Conference Review: Wharton Web Conference 2014

Today I got to attend the Wharton Web Conference, and thoroughly enjoyed myself. I had gone last year, when Felicia Day had done the keynote. It’s a really fantastic tech conference to go to that offered three different tracks this year: content, developer, and design. (I did the content track!).

A few things were different: they had volunteers with plaid shirts to guide people (VERY helpful), with our badges we were given the opportunity to put stickers on them to make networking easier, and they had created an app (that I didn’t use) that had a list of all the talks and where they’d be.

So, let’s begin, shall we?


Since I knew the conference would have nom-tastic food, I chose to skip breakfast at home and partake in some sugar-y delights. It’s amazing how good the food was (superior to the food I had at GDC in every way!). And I got to run into Amanda Lange there, who I originally met at Lady Hacks earlier this year.



Keynote: Danah Boyd

Danah Boyd

Danah’s speech was… amazing. Even though she spoke a bit quickly, I loved her talk. One of my biggest issues at tech events is the overwhelming lack of diversity: if there are women at the event, they tend to be white (or asian). The entire time I was there, I only saw three other black women despite an attendance of 300 people.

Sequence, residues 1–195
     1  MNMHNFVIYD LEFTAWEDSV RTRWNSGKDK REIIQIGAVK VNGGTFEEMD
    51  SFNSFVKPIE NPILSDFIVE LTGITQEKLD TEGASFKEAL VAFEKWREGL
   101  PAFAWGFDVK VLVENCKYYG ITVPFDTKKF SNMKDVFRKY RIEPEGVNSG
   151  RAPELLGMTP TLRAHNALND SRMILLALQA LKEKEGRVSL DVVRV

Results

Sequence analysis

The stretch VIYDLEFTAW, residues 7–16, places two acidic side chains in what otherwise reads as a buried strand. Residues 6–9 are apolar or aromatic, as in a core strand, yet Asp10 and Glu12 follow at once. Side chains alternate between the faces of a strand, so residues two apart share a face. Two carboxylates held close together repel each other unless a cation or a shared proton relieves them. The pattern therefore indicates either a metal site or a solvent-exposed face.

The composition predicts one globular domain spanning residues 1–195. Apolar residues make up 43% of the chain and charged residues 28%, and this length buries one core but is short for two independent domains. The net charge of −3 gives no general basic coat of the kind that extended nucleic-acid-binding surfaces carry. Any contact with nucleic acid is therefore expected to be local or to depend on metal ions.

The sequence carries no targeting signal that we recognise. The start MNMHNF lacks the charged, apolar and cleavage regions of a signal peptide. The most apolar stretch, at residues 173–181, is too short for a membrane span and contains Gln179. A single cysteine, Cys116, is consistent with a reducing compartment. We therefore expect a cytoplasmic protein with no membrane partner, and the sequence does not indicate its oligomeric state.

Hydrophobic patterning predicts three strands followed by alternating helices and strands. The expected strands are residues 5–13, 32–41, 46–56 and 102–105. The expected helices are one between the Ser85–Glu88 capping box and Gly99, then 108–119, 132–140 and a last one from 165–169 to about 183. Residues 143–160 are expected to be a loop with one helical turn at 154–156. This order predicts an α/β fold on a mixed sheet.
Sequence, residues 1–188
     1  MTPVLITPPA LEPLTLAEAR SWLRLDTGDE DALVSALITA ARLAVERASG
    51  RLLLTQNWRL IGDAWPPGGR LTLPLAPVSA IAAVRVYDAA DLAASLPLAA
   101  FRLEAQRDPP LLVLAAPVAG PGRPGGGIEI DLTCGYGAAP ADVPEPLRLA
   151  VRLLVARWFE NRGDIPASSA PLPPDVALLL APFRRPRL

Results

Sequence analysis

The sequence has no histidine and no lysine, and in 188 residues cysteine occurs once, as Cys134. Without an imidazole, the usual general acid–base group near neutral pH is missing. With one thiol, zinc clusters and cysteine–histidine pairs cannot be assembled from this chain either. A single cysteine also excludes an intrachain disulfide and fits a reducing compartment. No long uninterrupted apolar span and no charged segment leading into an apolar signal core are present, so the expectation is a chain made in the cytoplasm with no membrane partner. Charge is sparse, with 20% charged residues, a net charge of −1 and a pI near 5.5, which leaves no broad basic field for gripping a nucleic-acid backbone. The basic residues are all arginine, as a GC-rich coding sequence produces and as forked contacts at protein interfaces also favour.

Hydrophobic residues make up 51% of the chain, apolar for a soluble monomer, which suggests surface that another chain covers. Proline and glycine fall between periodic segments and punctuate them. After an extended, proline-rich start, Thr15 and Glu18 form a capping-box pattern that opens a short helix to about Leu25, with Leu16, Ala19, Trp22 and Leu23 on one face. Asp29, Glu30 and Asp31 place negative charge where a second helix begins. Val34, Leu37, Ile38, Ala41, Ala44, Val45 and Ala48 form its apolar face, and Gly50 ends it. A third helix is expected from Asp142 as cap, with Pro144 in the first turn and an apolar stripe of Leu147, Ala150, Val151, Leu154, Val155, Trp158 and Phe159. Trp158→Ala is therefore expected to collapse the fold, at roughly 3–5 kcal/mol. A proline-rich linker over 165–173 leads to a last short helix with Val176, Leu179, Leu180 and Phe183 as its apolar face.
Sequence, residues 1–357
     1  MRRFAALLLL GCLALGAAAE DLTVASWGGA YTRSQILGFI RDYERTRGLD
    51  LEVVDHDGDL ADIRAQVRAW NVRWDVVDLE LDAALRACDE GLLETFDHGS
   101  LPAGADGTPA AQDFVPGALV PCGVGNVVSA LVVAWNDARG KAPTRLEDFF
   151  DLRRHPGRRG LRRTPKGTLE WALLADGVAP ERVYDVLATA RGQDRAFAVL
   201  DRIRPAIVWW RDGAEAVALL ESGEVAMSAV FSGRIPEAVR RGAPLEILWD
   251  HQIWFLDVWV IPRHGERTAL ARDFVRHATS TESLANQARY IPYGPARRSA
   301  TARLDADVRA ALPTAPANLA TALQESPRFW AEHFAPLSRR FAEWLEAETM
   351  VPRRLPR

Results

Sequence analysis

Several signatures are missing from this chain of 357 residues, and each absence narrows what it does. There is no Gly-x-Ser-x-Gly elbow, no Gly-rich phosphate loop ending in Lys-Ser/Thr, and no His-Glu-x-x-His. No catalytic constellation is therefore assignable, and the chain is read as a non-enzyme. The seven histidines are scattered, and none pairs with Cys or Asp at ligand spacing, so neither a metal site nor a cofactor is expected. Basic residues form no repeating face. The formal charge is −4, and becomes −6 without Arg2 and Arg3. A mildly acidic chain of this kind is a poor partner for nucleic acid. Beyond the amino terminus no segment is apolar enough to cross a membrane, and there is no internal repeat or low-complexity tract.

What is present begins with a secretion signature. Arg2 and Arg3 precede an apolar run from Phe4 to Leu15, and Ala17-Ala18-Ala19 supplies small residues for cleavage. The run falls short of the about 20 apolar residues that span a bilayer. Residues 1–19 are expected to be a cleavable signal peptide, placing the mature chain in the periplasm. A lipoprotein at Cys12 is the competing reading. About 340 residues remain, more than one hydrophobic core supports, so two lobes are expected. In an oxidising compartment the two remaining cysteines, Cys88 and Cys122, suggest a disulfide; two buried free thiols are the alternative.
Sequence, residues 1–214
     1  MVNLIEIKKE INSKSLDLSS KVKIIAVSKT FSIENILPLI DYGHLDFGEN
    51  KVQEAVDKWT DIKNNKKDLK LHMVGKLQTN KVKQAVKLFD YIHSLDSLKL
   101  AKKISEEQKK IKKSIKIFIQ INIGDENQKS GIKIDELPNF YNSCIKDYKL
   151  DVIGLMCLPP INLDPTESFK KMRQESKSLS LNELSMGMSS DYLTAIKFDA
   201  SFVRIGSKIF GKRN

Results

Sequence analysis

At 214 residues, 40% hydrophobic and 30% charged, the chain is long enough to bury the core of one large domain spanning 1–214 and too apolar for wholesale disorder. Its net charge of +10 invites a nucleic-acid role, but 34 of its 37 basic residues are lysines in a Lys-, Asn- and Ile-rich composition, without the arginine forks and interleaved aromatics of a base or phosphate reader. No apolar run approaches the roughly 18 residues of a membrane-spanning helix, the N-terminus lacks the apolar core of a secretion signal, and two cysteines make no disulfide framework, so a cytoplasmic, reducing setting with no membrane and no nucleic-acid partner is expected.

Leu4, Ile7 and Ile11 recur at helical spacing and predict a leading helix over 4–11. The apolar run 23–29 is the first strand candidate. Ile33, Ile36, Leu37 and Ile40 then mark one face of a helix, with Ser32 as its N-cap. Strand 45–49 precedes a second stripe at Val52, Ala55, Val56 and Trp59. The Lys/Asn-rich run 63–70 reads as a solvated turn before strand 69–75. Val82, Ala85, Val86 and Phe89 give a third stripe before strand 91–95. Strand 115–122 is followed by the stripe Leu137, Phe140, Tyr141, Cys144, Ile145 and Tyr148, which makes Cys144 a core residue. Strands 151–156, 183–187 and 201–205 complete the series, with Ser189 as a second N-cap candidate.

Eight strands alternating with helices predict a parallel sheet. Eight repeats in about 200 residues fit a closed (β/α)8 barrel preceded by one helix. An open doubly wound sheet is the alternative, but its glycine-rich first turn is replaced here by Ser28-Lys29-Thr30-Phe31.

I will say, though, that I was thrilled that Wharton chose another woman as the keynote speaker (and was she brilliant! I’d never met anyone who instantly inspired me and made me want to follow them to the ends of the Earth while in their presence).

In her talk, Danah made consistent mentions to systemic oppression, societal injustices, racism, capitalism – the whole nine yards. I immediately became interested in her work, particularly the intersectional lens between big data and social justice.